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Best wine list in Manhattan?

I'm a San Francisco wine geek swinging through Manhattan in a couple of weeks and looking for a dinner spot with a killer wine list. I'll be dining alone, so an excellent by-the-glass program or an expansive half-bottle selection is a plus.

I seek a list that focuses on international, preferably terroir-driven, restrained wines. A good smattering of reasonably-priced mature vintages would be great.

Ideally within shooting range of SoHo/Greenwich Village, but I don't mind traveling if necessary.

Cru's wine list is amazing, but I'd rather not have to plop down $100+ just for the food (and I doubt I could get any table at this stage, much less a table for one). I'd also consider a wine bar where I could get a light dinner. The main thing is the wine.

Thanks in advance!

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  1. I eat at Hearth in the East Village often and one of the reasons I enjoy going is the unique wine list. I may not be the most expansive in the city, but often I am introduced to great wines from odd places. Check the websites of it and that of its sister wine bar Terrior (which is less formal).

    www.restauranthearth.com/
    www.wineisterroir.com/

    2 Replies
    1. re: digsnola

      Wow! Any wine director who introduces three or four bottles of CdP with an entire page of text is my kind of guy! I love Hearth's list -- off-beat, value-conscious, and all terroir all the time. Thanks so much for the tip. At the very least, I'm sure I'll find myself at the Terroir wine bar during my stay.

      1. re: Wingdog

        Paul Grieco, the wine director and partner at Hearth and Terroir, is as much a geek as the next wine enthusiast that I've come upon. You'll be in good hands as far as wines (and food) are concerned.

    2. I don't know if I'm well-imbibed enough to know which wine list is the very best in NYC, but I do think that Otto in the W. Village (and all other Mario Batali restaurants for that matter) are excellent for Italian wines. On my last visit, Otto had a good number of 10-15 year old supertuscans on offer. Ouest on the Upper West Side has a strong wine list, as well.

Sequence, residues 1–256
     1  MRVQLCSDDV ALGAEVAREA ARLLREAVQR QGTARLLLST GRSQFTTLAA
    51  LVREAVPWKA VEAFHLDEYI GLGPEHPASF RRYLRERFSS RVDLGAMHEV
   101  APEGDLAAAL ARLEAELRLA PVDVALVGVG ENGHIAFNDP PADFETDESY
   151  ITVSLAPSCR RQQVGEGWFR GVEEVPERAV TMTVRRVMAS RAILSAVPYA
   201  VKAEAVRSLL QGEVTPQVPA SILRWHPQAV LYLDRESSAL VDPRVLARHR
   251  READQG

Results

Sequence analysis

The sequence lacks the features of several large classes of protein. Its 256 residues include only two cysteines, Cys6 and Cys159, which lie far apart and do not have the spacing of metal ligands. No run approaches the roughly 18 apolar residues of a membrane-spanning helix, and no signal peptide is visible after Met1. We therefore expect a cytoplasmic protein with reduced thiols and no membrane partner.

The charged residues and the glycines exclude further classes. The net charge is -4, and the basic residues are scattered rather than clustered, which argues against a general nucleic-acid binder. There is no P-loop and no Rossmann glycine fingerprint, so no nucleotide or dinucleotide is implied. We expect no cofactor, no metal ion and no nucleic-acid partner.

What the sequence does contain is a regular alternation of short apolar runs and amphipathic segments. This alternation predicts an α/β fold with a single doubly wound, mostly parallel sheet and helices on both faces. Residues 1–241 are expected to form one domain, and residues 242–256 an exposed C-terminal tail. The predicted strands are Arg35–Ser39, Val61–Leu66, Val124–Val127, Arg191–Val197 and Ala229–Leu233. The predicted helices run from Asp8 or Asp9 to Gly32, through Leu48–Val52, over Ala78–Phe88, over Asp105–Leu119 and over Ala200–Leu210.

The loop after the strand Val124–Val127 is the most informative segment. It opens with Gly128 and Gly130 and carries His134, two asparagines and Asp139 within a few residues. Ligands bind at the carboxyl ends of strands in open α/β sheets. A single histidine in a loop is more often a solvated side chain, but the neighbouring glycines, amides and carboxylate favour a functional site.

I suspect that coming from CA, you may not find any winelist to be reasonably priced -- but I don't think the markup at Otto and Ouest is too bad for this town.

      Other restaurants with very good wine lists that are not reasonably priced include Le Bernardin and Daniel. But they have a good selection of much older vintages.

      Veritas has a massive wine list and is good by reputation, but I've only dined there once a long whiles back and don't remember much about the wine.

      9 Replies
      1. re: cimui

        Thanks for these suggestions. Speaking of Batali, Babbo's wine list looks pretty great. I love their philosophy and especially the quartino program. Have you been there?

        1. re: Wingdog

          I have and think the food and wine are both fantastic. I've never directly solicited help from the sommelier, there, though since I've ordered a tasting menu with wine pairing each time. The wines were well matched and their progression well-thought out.

          1. re: cimui

            Casa Mono (another Batali owned - partially owned? - place) also has an excellent Spanish wine list.

            1. re: MMRuth

              Agreed, even the wines by the glass at Casa Mono are out of this world.

              1. re: MMRuth

                I keep forgetting that Casa Mono is a Batali -- but yes, the wines are fantastic.

            2. re: Wingdog

              All of the Batali joints that I've been to, namely Babbo, Casa Mono and Lupa, all thrive on robust wine lists that are themed on the region at which the particular restaurant's cuisine is based on.

              Casa Mono, for example, has a very strong Spanish-based list.